Ethiopian supreme court dismisses the appeal of award-winning blogger Eskinder Nega
Awramba Times (Addis Ababa) – The Ethiopian Supreme court on Thursday dismissed the appeal of an Award-winning journalist and blogger Eskinder Nega and opposition leader Andualem Arage who were jailed on trumped-up terrorism charges since September 2011.
“The sentencing is still correct so there is no reduction,” said Supreme Court judge Dagne Melaku, confirming the blogger’s jail term of 18 years and Andualem Arage’s life sentence. The New York-based Committee to Protect Journalists (CPJ) has condemned the ruling.
“This ruling trivializes the serious crime of terrorism, upholds a politically motivated travesty of justice, and lessens Ethiopia’s international standing,” Said CPJ Africa Advocacy Coordinator Mohamed Keita.
Eskinder made an emotional appeal to the court which was crowded with Journalists, family, friends and diplomats.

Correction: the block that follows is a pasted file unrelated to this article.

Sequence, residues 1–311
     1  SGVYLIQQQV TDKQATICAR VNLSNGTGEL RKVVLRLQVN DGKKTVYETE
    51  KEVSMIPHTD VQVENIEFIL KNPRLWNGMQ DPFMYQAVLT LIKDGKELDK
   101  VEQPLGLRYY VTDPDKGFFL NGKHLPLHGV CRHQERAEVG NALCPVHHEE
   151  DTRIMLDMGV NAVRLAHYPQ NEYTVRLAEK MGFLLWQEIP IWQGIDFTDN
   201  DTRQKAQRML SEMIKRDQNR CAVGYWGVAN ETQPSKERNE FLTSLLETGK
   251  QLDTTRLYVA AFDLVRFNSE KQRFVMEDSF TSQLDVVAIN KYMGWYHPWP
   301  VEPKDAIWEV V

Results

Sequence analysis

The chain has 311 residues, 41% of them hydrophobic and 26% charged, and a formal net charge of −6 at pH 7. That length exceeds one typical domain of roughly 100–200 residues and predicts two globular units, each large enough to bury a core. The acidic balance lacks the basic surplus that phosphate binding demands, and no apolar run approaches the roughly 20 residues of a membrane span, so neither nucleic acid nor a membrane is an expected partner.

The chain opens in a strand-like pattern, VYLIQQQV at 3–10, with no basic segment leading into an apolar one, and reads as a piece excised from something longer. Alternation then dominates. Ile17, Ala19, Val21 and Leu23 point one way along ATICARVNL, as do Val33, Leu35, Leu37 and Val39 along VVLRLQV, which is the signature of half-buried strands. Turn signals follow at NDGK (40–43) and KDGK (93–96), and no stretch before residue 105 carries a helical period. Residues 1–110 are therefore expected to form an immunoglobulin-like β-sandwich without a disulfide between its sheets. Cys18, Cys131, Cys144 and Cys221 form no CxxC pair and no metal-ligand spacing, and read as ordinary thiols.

“The truth will set us free,” Eskinder said. “We want the Ethiopian public to know that the truth will reveal itself, it’s only a matter of time.”Both Eskinder and Andualem are accused of links to a lesser-known, US based opposition group Ginbot 7. “Ginbot 7 had no authority over Eskinder’s constitutional right” Eskinder’s wife, journalist Serkalem fasil told Awramba Times. “Eskinder’s only crime was loving his country”.
Defence lawyer Abebe Guta told journalists that justice had not been served, and that if his clients agreed, they would appeal to court of cassation (Seber-Semi chilot), Ethiopia’s highest court.
Human Rights Watch, Amnesty International and other rights groups have called Ethiopia’s anti-terrorism legislation vague and accuse the government of using the law to stifle Journalists and peaceful dissent.
“As a member of the U.N. Human Rights Council, Ethiopia should comply with its obligations under international law and its own constitution and release Eskinder unconditionally. The persecution of Eskinder and other journalists is the hallmark of a regime fearful of the opinions of its citizens.” CPJ’s Mohamed Keita added.